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Can Climate Change Labels Be “Purely Factual and Uncontroversial”?

May 2021

Citation: 51 ELR 10380

Issue: 5

Author: Barak Kamelgard

With every passing day, the dangers of climate change are becoming more and more obvious. One of the myriad solutions proposed to combat this crisis is the addition of warning and informational labels to gas pumps, airline tickets, energy bills, and even food and drinks, detailing the effects our purchases have on the climate and quantifying the amount each purchase has in terms of emissions. Yet, any required labels would need to meet the First Amendment standard for government-compelled disclosures in commercial speech, set forth by the U.S. Supreme Court in Zauderer v. Office of Disciplinary Counsel of Supreme Court of Ohio. To be constitutionally permitted, such labels need to be “purely factual and uncontroversial.”If these labels get mandated at the state and federal levels, their legality will certainly be litigated. Yet, there has not been a single court decision, at any level, about any form of government-compelled disclosures regarding climate change under the Zauderer standard. Consequently, it is uncertain how any given court, including the Supreme Court, would rule on this issue. This Comment analyzes what it means to be “purely factual and uncontroversial” under the Zauderer standard, and what the answer means for prospective climate change-related disclosures thereunder.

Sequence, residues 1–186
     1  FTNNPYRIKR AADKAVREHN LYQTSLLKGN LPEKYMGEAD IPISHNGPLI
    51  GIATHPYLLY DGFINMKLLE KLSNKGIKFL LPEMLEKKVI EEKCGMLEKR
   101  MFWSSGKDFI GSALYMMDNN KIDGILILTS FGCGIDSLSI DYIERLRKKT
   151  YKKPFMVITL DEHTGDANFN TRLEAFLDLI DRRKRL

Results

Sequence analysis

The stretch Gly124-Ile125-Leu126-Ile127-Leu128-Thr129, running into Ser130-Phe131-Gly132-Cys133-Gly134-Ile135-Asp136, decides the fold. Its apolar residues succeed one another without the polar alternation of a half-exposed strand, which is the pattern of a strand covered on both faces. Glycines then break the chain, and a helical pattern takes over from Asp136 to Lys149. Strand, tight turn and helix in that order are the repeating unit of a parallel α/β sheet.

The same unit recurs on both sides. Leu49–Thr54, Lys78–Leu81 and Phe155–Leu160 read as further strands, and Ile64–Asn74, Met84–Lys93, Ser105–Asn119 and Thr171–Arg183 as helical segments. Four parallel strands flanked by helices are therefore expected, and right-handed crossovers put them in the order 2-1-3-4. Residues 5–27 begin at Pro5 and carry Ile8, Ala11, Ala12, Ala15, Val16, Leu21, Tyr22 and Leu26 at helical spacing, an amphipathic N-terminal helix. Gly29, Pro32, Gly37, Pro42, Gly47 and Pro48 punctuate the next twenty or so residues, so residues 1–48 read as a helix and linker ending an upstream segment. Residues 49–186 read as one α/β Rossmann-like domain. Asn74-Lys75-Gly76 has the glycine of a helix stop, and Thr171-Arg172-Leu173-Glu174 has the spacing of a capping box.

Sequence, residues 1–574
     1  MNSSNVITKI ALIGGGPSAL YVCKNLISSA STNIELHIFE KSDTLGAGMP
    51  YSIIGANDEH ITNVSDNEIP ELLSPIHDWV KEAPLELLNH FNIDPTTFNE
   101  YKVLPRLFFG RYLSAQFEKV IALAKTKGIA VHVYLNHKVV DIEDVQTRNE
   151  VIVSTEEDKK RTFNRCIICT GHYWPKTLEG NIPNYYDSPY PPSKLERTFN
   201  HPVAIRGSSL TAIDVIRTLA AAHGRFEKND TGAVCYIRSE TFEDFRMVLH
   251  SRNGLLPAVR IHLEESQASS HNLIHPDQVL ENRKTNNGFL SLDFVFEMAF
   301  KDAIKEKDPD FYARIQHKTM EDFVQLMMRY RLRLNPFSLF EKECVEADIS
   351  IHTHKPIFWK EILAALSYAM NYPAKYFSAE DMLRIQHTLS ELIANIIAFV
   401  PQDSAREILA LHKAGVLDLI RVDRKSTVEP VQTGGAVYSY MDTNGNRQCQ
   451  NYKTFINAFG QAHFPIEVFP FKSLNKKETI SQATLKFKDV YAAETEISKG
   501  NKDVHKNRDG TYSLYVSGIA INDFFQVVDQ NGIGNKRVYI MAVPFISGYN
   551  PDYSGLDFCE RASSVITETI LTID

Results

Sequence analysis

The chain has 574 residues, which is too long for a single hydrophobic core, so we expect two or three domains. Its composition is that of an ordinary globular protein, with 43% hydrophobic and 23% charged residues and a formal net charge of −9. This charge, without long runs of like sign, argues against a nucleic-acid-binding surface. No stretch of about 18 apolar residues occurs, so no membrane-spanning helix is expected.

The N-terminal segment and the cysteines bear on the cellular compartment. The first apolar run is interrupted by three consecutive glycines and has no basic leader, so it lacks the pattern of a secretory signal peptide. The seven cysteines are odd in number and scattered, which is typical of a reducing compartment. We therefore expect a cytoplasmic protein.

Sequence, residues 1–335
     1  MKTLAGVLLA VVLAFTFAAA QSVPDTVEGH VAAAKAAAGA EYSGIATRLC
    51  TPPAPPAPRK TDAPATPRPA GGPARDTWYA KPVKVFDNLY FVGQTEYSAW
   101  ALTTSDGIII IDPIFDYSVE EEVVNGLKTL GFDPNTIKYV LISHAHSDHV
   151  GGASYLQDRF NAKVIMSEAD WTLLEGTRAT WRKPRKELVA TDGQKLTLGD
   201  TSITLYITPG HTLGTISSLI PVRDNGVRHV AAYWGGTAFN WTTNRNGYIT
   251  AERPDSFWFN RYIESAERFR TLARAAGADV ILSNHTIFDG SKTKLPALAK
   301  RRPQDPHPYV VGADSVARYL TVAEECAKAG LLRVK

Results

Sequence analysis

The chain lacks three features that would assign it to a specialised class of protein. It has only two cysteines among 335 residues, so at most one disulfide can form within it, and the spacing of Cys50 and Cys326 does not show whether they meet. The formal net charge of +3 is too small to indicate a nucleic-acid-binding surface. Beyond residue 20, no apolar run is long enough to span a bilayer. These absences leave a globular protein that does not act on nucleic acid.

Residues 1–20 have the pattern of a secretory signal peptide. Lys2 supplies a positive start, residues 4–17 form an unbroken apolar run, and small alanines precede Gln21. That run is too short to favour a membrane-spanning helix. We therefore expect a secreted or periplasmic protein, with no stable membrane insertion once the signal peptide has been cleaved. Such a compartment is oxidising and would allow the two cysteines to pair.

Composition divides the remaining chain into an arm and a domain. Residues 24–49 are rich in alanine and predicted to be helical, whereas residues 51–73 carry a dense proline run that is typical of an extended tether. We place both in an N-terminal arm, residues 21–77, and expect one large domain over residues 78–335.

Barak Kamelgard has a J.D. from University of California, Los Angeles School of Law, and is currently an L.L.M. candidate at Lewis & Clark Law School.

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